Acme-dns renews on random ports

How can I secure the server that is using acme-dns for renewing? Traffic comes in from 172.65.32.248 to my acme server on random (5 digit) port. Should I open all ports from this IP?

How do you mean, "on a random port"? Could you please elaborate?


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My domain is:

I ran this command:

It produced this output:

My web server is (include version):

The operating system my web server runs on is (include version):

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I can login to a root shell on my machine (yes or no, or I don't know):

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The version of my client is (e.g. output of certbot --version or certbot-auto --version if you're using Certbot):

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I don't know how much more I can elaborate on that.
Communication looks like this:

 172.65.32.248.https > myacmeserver.com.42140
 myacmeserver.com.42140 > 172.65.32.248.https

Same goes for dns.google.domain or deploy.static.akamaitechnologies.com.http.

Only if I open all ports from all directions, acme-dns actually works. From security standpoint it's not acceptable. In acme-dns documentation it says to just open port 53 and you're good. Not really.

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I doubt this is acme-dns traffic.

I think this is your ACME client talking to https://acme-v02.api.letsencrypt.org.

In that case, the random source port makes sense, because that's how client→server connections always work.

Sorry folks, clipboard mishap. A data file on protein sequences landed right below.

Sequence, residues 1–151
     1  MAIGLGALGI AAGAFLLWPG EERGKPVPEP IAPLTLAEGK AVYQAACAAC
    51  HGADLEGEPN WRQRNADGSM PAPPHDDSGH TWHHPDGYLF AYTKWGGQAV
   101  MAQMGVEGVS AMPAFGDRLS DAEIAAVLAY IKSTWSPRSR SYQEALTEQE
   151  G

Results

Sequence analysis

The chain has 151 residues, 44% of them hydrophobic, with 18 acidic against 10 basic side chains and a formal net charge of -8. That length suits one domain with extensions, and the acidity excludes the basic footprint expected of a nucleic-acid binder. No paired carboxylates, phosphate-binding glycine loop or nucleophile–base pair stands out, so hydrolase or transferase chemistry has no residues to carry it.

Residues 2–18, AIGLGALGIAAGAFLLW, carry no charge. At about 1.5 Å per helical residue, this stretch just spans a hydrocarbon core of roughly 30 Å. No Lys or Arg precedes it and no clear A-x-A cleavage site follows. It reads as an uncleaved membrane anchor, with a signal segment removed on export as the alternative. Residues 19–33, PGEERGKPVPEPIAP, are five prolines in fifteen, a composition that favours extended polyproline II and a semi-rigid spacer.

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If you are hosting acme-dns, open incoming port 53 for TCP and UDP to allow the DNS queries, open port 80 and 443 for the registration API (and to allow it to use http validation for it's own cert).

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I agree with @_az here: that connection looks more like the received packages from an outgoing connection using HTTPS. The IP address is from Cloudflare, which indeed could be the ACME API. This is definitely not an incoming connection to your port 42140, as that would mean the originating port would be 443. And while technically possible it's highly unlikely.

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Yeah the IP in question is from letsencrypt.

@webprofusion
Thank you for your answer. This seems to work nicely!

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I'm pretty sure acme-dns always uses DNS validation for its own cert--it certainly makes sense that it would, if it's the authoritative DNS server for its zone. And, of course, you can run the API on any port you want, though 80/443 would certainly be the defaults.

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Good point, v0.8 onwards uses DNS validation by default. I don't know if you can still configure it to use http-01.

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